Funds Transfer Pricing in the New Normal

Robert Schäfer, Pascal Vogt and Peter Neu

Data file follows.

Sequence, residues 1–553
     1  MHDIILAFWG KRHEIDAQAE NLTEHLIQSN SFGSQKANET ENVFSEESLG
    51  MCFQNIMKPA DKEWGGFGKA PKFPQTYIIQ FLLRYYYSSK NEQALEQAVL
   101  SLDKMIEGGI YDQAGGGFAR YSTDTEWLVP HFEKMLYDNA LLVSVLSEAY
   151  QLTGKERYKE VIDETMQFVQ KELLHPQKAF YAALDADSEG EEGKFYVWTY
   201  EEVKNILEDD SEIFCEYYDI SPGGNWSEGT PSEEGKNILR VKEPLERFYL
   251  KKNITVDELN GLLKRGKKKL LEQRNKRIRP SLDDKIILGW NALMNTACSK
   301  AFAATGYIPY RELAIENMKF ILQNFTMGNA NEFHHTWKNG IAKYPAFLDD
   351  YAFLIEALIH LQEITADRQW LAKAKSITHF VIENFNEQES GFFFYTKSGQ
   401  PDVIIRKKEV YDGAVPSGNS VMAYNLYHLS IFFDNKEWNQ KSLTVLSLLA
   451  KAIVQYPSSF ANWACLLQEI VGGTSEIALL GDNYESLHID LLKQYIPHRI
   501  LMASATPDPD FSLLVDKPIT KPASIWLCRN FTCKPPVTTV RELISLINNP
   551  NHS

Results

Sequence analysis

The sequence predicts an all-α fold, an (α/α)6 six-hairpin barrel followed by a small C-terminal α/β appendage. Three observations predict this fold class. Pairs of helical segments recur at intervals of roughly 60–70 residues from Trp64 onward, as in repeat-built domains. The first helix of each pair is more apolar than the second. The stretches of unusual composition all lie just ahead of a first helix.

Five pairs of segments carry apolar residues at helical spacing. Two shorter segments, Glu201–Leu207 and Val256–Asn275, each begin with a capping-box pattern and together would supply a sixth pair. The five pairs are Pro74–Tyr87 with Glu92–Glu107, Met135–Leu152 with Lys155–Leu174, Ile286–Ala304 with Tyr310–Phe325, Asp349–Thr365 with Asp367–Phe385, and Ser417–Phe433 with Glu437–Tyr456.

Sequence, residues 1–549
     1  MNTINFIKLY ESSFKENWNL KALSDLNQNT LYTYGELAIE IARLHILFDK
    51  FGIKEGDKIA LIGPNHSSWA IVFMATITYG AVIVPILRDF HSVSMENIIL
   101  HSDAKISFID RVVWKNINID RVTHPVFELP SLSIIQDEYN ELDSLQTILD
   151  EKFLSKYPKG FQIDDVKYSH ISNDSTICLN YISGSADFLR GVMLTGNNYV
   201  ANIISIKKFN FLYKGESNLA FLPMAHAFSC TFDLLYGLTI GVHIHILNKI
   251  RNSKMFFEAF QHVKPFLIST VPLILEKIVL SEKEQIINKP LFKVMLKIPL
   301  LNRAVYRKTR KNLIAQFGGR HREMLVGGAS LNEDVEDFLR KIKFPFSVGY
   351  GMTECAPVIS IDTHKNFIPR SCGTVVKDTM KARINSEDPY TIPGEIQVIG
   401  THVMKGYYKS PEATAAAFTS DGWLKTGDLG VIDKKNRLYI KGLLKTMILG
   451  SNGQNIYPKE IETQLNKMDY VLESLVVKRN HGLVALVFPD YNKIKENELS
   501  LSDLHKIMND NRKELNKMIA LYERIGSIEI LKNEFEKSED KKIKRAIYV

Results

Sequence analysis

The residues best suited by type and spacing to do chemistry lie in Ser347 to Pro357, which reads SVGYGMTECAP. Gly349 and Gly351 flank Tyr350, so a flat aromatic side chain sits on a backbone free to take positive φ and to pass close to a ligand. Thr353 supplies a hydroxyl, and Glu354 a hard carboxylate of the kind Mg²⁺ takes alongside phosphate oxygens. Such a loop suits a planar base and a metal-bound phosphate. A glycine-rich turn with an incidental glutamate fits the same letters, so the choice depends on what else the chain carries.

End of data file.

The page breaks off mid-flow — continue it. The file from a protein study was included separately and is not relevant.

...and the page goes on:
Funds transfer pricing (FTP) is a term used to describe the sum of policies and methodologies a bank applies in its internal steering systems to charge for the use (and credit the generation of) funding and liquidity. Commonly, FTP is embedded in economic value added (EVA) or return on equity (ROE), return on risk-adjusted capital (RORAC) performance measures of single transaction or a business line’s risk-adjusted profitability or performance as a complement to capital consumption. It focuses on distributing the bank’s funding and liquidity costs to the beneficiaries of these scarce and valuable resources. As such, FTP is an extremely powerful tool, which is deeply rooted in any divisional profit and loss (P&L) or profit centre calculation. In fact, FTP is the means by which a bank’s overall net interest income can be split into originating units and subunits, thus enabling the bank’s management to perform an effective planning, monitoring and control cycle. As a consequence of the 2007–9 global financial crisis these costs are material and need to be allocated. They can turn a business line’s performance or product’s profitability from positive to negative and vice versa. Thus

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